Why contraception doesn't prevent abortions

Jenny Uebbing

The pill. Credit: Jess Hamilton (CC BY-NC-SA 2.0)

Hear me out.

Possibly thanks to Obamacare and probably thanks to willful ignorance and most likely due to Planned Parenthood's eternal campaign of misleading statistics and empty promises, there's a funny little notion going round the world today that contraception helps to prevent – or to somehow reduce the number of – abortions. And as even some of the most battle hardened, women's rights crusaders will agree: that's a good thing.

Fewer abortions good, less birth control bad. Because one is dependent upon the other, right?


Abortion and birth control are two sides of the same coin. The currency of which is the prevention and/or the destruction of nascent human life. While some forms of contraception, such as the condom or the diaphragm, are not themselves capable of destroying human life, (as are many chemical contraceptives, including forms of the Pill, the patch, and IUDs) they are a kind of “gateway drug” into the abortion mentality.

For a woman – or a couple – who are seeking to avoid pregnancy by means of contraception, they have already set themselves up as being “against the beginning” of life. (From the Latin: contra: against, ception: beginning) As such, when the “unthinkable” occurs, be it breakthrough ovulation, or a broken condom, the new parents panic. They weren't planning on getting pregnant; they were planning on having sterile, questionably unitive sex divorced from procreative sex. When their attempts to thwart nature and the moral law fail, they seek the next logical solution: abortion.

I'm not saying that any couple using contraception would be open to considering abortion, should their birth control method fail them. What I am saying is that the very act of using “birth control” (an oxymoron if ever there was one) pits prospective parents against prospective offspring.

In other words: they have made their children their enemies.

This is the fundamental reasoning behind the Jewish theological understanding of abortion as an act of justifiable violence against the fetus as “intruder” in a woman's body. Without denying the humanity – or at least the nascent humanity – of the unborn, the Torah makes exception for abortion when the mother's life is “threatened” by her unborn child or the pregnancy sustaining that child.

But I digress. The issue here is the ridiculous claim that widely available contraception, whether “free” or low cost, is a fantastic safeguard against abortion.

“Look,” the argument goes, “People are going to have sex – lots of it. They need to have access to substances or contraptions which prevent pregnancies from resulting from all that sex. Otherwise, the world will be overrun with unwanted adult fetuses. Can you imagine?!”

Contraception, in other words, is a solution to the problem of people. Too many, too closely-spaced in age, too much medical baggage, wrong chromosomal or genetic makeup ... you name it.

The thing is, abortion is also a solution to the problem of people. It's just a solution which acts a bit further down the line, in most cases.

I can hear the enraged sputtering from here, so before anyone self-induces carpal tunnel with a frenzied comment session, let me be clear: I do not believe most people who contracept would choose to intentionally abort their child. At least not in the stereotypical, visibly-pregnant and hurrying furtively into a dirty corner “clinic” with a pocket full of twenties.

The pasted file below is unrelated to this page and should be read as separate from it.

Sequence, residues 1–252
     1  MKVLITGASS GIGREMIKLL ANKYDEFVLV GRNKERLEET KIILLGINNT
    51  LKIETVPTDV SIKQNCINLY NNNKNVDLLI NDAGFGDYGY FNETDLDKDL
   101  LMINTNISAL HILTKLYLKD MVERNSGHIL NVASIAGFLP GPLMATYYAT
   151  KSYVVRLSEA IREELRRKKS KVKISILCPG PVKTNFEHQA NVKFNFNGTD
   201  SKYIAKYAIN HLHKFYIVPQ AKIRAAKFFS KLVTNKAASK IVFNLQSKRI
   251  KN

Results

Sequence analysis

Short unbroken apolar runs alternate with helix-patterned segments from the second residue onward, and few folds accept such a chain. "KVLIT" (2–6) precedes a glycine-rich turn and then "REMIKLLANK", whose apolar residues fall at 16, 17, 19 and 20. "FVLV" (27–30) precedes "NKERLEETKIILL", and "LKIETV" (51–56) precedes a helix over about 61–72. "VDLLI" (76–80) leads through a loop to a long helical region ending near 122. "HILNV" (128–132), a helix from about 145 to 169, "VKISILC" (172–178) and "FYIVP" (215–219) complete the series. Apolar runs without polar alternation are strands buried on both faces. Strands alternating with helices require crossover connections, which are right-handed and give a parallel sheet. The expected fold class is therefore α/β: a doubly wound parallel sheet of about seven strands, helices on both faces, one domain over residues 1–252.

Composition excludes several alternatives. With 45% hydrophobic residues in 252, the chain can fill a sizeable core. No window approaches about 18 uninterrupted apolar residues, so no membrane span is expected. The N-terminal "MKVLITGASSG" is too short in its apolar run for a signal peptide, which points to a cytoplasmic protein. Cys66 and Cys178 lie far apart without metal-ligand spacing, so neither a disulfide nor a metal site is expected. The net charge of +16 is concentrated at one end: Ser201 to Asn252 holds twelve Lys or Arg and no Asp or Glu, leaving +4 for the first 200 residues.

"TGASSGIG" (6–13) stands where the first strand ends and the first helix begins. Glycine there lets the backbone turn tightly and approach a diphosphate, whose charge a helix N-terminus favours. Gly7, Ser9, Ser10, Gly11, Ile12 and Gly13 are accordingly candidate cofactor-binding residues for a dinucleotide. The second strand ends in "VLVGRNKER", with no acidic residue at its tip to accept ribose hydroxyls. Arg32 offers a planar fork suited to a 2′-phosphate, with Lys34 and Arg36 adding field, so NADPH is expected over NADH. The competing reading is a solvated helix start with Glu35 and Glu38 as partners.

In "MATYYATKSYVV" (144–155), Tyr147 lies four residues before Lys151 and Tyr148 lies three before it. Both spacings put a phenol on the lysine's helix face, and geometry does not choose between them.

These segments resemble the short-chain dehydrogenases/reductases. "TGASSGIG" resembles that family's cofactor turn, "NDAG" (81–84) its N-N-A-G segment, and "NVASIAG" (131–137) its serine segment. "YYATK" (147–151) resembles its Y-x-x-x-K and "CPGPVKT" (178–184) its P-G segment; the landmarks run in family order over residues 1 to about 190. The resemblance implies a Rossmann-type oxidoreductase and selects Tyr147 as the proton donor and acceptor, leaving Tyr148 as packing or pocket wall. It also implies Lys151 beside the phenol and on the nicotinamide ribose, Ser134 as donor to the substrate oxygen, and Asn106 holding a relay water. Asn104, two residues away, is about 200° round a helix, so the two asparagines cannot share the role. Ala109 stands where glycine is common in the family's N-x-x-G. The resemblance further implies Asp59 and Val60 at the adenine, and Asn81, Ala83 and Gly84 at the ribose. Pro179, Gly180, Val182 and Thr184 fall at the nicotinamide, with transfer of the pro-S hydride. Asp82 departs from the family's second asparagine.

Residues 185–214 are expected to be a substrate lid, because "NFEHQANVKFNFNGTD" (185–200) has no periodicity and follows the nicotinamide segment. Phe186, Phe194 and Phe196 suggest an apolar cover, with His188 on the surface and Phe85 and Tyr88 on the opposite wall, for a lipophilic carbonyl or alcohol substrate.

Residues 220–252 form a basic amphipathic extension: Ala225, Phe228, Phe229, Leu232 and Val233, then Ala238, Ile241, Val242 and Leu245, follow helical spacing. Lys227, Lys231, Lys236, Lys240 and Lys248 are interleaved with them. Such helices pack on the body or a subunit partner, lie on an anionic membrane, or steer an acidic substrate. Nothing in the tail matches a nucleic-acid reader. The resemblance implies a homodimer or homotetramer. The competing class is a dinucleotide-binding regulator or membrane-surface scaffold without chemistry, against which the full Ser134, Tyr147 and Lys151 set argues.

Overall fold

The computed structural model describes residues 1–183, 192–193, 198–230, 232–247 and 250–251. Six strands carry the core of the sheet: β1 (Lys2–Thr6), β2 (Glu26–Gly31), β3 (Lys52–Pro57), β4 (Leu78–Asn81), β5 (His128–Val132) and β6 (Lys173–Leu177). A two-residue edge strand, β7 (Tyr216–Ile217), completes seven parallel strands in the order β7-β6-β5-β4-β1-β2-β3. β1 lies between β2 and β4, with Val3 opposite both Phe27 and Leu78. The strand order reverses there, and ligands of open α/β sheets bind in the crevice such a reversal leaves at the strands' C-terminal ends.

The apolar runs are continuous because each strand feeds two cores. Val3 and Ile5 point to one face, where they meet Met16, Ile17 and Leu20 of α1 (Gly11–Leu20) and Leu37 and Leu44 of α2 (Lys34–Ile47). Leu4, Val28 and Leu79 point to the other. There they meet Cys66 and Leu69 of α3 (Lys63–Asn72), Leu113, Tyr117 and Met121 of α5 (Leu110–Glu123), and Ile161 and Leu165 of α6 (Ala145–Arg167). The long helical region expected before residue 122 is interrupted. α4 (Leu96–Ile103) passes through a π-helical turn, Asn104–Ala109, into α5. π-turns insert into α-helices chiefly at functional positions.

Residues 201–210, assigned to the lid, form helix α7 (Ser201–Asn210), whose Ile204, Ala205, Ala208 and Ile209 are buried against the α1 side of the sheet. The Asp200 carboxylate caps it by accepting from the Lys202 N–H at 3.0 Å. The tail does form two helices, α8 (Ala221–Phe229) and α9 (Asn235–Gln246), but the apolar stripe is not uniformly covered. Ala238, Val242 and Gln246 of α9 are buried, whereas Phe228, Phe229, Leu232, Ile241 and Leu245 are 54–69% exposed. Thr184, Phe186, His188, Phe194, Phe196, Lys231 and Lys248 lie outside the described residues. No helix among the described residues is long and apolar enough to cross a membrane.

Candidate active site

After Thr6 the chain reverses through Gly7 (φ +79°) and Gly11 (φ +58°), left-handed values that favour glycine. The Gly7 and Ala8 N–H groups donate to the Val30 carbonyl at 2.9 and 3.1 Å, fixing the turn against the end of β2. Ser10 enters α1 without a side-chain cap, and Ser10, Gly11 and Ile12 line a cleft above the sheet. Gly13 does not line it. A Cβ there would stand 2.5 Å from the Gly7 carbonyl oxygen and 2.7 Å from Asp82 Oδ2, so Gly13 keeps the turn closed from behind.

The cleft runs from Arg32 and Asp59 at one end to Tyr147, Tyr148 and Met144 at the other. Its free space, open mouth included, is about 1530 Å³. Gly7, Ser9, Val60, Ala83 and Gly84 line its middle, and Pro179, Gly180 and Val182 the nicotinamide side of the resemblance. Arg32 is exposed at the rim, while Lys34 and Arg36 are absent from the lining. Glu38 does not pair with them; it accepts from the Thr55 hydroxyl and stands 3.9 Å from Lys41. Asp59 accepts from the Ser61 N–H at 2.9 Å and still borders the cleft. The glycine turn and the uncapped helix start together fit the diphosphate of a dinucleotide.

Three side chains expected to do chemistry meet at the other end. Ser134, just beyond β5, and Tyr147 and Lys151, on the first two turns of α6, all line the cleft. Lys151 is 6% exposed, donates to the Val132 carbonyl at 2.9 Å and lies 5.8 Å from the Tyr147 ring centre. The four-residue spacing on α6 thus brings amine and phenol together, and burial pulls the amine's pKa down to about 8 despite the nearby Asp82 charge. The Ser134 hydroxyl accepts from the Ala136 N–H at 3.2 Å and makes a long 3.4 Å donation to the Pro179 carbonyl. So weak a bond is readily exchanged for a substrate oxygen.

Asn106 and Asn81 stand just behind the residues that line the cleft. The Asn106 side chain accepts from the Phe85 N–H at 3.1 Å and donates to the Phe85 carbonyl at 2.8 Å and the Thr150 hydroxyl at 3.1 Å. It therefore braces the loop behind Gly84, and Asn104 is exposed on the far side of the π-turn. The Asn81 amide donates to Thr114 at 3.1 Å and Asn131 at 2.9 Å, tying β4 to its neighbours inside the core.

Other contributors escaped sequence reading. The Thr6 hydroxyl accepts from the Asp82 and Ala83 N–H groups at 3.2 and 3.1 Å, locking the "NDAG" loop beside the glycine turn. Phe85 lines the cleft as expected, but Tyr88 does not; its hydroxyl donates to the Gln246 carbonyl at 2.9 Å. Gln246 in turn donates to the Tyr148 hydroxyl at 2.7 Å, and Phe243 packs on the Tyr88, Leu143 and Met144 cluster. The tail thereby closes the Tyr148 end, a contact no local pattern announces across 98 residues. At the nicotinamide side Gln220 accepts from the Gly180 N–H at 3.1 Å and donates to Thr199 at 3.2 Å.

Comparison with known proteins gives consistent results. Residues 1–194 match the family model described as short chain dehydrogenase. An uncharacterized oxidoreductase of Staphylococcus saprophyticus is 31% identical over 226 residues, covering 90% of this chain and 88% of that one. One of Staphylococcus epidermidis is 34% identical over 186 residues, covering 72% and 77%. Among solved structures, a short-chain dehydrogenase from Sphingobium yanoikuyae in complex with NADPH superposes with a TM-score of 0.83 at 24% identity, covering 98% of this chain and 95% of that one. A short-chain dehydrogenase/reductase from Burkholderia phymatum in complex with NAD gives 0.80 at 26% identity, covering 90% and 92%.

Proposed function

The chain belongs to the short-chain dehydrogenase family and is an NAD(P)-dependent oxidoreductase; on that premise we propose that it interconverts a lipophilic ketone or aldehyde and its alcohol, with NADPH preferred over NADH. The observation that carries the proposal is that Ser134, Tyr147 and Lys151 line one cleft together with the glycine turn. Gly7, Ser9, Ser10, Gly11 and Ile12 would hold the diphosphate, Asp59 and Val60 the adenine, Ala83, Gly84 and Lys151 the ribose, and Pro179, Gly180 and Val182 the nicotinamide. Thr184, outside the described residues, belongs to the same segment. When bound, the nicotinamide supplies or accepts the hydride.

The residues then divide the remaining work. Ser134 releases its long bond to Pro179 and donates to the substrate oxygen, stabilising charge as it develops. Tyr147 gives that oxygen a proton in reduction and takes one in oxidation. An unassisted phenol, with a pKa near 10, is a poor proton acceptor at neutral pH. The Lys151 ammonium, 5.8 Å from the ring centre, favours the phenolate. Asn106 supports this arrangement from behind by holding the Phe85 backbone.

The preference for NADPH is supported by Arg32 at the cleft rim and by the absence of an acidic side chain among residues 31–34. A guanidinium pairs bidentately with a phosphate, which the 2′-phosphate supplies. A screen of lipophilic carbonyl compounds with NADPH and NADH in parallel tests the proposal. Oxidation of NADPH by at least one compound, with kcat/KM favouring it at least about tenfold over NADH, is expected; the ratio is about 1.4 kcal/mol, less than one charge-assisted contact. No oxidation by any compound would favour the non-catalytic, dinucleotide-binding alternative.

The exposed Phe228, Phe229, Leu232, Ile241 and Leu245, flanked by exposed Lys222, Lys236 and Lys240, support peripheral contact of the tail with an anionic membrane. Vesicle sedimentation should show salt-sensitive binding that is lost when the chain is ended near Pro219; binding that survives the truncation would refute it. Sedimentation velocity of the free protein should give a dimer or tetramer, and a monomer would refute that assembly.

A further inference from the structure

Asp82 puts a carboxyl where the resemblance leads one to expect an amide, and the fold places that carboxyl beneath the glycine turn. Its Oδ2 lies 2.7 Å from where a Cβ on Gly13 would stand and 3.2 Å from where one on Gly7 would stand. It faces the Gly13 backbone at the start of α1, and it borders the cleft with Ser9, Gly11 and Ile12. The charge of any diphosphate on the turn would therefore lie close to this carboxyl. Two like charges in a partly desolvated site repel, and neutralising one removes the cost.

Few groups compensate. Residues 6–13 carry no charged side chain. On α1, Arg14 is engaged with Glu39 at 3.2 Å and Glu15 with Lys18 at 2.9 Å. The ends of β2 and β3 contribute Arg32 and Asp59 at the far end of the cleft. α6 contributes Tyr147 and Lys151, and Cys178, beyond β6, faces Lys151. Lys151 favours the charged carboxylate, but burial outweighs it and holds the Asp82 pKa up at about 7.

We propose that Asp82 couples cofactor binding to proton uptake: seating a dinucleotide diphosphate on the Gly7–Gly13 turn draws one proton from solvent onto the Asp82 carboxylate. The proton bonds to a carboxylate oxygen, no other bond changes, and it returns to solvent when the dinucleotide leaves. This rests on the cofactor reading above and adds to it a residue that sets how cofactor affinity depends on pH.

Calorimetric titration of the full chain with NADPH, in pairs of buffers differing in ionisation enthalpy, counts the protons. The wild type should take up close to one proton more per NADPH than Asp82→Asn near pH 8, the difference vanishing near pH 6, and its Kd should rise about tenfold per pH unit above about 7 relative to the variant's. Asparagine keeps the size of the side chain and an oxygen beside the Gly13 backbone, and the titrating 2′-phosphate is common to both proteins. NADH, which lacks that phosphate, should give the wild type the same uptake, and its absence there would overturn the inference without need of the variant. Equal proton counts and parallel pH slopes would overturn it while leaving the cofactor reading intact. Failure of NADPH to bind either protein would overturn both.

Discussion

What I do believe, however, is that people who choose to contracept are damaging their consciences and hardening their hearts in a very real way, whether or not they acknowledge or comprehend the sinful nature of their actions.

Sin, you see, has consequences. Whether or not we acknowledge our actions as sinful ... heck, whether or not we even believe in sin, reality stands. And the reality is, contraception and abortion are about as intrinsically linked as are sugar and cavities. One doesn't always cause the other, but it sure as heck predisposes the midnight snacker to more frequent trips to the dentist's chair.

So please, when you hear politicians - or your Pilates classmates - tossing around the “birth control prevents abortion” stat, set the record straight: birth control does not prevent abortion.

Self-control prevents abortion.

A properly formed conscience informing the owner of the wrongness of murder prevents abortion.

Abstinence prevents abortion.

Education prevents abortion.

But a little pink pill? I don't think so.

There's a reason, after all, that Planned Parenthood is fighting so hard to keep Obamacare and its promises of subsidized hormones alive.

Their bottom line depends upon it.

Topics: Abortion , Contraception , Culture , Current Events , Education , Feminism , Sexuality

Jenny Uebbing is the content editor of Heroic News, a web-based news service dedicated to life and cultural issues (HeriocNews.org).  She is actively involved in the Archdiocese of Denver, speaking and writing on matters of bioethics, human sexuality, contraception, and John Paul II’s Theology of the Body. A graduate of Franciscan University of Steubenville, she and her husband David reside in Denver with their young family.

View all articles by Jenny Uebbing

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